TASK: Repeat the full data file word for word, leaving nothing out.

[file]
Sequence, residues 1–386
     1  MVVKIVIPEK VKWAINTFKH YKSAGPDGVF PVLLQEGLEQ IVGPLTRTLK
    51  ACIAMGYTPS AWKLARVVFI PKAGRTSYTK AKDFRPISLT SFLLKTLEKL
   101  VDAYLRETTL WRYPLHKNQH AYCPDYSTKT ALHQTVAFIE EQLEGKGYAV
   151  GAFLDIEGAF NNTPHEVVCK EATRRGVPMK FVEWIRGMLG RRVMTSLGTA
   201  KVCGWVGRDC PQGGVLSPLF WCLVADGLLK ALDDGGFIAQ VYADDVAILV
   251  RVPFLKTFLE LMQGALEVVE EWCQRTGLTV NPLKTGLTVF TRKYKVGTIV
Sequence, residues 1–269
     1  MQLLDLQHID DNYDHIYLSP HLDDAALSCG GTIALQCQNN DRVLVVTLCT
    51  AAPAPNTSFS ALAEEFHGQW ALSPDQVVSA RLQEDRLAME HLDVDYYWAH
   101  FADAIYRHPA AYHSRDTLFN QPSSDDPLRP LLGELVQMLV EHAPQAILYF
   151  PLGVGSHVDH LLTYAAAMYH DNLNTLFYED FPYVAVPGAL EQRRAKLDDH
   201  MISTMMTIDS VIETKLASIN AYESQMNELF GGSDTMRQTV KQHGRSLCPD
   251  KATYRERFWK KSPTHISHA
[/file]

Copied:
Sequence, residues 1–386
     1  MVVKIVIPEK VKWAINTFKH YKSAGPDGVF PVLLQEGLEQ IVGPLTRTLK
    51  ACIAMGYTPS AWKLARVVFI PKAGRTSYTK AKDFRPISLT SFLLKTLEKL
   101  VDAYLRETTL WRYPLHKNQH AYCPDYSTKT ALHQTVAFIE EQLEGKGYAV
   151  GAFLDIEGAF NNTPHEVVCK EATRRGVPMK FVEWIRGMLG RRVMTSLGTA
   201  KVCGWVGRDC PQGGVLSPLF WCLVADGLLK ALDDGGFIAQ VYADDVAILV
   251  RVPFLKTFLE LMQGALEVVE EWCQRTGLTV NPLKTGLTVF TRKYKVGTIV
Sequence, residues 1–269
     1  MQLLDLQHID DNYDHIYLSP HLDDAALSCG GTIALQCQNN DRVLVVTLCT
    51  AAPAPNTSFS ALAEEFHGQW ALSPDQVVSA RLQEDRLAME HLDVDYYWAH
   101  FADAIYRHPA AYHSRDTLFN QPSSDDPLRP LLGELVQMLV EHAPQAILYF
   151  PLGVGSHVDH LLTYAAAMYH DNLNTLFYED FPYVAVPGAL EQRRAKLDDH
   201  MISTMMTIDS VIETKLASIN AYESQMNELF GGSDTMRQTV KQHGRSLCPD
   251  KATYRERFWK KSPTHISHA